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Panama City, Panama

Panama City was exactly as I’d pictured it – all white, dense, oozing history. I took it as a good omen, like forgotten faces from a dream, as we wandered the crumbling edifices of Casco Viejo.

The city was destroyed in 1671 by Welsh pirate Henry Morgan and a band of 1,400 men. Old Panama was looted and burned, though to this day nobody knows whether the flames were set by the pirates or by the residents of Panama in a last-ditch effort to stave off the raiders. The city was reconstructed in 1673 about five miles southwest of Old Panama with a great wall on the ocean side.

The remains of this ancient settlement are still inhabited: the poor in apartments hundred of years old, the wealthy in renovated complexes with Brazilian restaurants downstairs. The President himself lives in the gentrified outskirts of Casco Viejo, with a great balcony looking over the bay towards the skyscrapers of modern-day downtown Panama City.

That night we went out to a casino in Miguel’s neighborhood of El Cangrejo. I won $1.84 on Texas Tea and cashed in. In an insightful reversal of roles, we laughed and became oddly giddy at the realization that we were being carefully watched like small prey by the various gaggles of Colombian hookers, who sulked about the place in bright clothing and fake breasts, ever searching for a glimmer of “yes” in our naive gringo eyes. Miguel took us to a bar down the street and a Colombian girl squeezed my butt on the way in. Another suddenly began rubbing my belly as I waited absent-mindedly for a beer.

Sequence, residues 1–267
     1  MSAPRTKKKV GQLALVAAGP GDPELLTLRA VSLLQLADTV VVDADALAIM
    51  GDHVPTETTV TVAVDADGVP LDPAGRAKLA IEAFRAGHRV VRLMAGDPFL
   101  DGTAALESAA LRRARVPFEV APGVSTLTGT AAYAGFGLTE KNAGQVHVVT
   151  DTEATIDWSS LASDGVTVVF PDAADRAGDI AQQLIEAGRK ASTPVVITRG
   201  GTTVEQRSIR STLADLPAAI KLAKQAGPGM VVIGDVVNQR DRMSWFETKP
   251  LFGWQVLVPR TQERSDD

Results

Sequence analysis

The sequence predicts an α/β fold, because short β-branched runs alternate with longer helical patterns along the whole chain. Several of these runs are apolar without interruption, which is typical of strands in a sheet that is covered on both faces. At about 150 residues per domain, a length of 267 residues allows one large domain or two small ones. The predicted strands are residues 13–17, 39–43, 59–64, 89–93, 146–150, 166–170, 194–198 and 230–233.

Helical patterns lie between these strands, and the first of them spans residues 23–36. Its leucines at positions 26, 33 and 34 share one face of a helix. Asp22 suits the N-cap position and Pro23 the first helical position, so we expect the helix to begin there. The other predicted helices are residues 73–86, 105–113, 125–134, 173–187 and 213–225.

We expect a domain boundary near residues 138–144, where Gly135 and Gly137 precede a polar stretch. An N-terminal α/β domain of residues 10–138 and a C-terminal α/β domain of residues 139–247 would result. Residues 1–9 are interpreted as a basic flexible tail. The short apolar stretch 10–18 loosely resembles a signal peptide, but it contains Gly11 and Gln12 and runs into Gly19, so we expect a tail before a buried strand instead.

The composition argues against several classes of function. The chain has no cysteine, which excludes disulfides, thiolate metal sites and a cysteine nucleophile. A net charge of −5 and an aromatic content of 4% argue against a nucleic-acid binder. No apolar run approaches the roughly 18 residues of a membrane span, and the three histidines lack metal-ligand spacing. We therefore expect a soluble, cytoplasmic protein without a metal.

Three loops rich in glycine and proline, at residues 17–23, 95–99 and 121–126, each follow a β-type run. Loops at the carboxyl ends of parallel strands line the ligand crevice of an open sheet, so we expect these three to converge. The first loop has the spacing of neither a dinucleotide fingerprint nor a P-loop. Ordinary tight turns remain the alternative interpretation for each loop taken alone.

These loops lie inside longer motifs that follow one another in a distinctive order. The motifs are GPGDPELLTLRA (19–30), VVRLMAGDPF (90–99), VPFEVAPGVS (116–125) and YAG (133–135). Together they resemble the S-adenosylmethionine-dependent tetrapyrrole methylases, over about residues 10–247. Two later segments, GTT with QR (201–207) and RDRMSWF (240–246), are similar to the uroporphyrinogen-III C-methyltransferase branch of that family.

We thought it was hilarious, somehow – stupidly enjoying all the attention over a game of pool. I realized that Miguel had taken us here intentionally. He was getting a kick out of the way we perceived the decadence with novelty. We joked about our newfound popularity for a while, but then, as if someone had pressed a button, the realities of the situation sunk in and at once we were somber. Fat gringo wastoids walked away with beautiful young women who would never find love notes scrawled on napkins hidden in their pockets. The thin film of humor had popped. We left.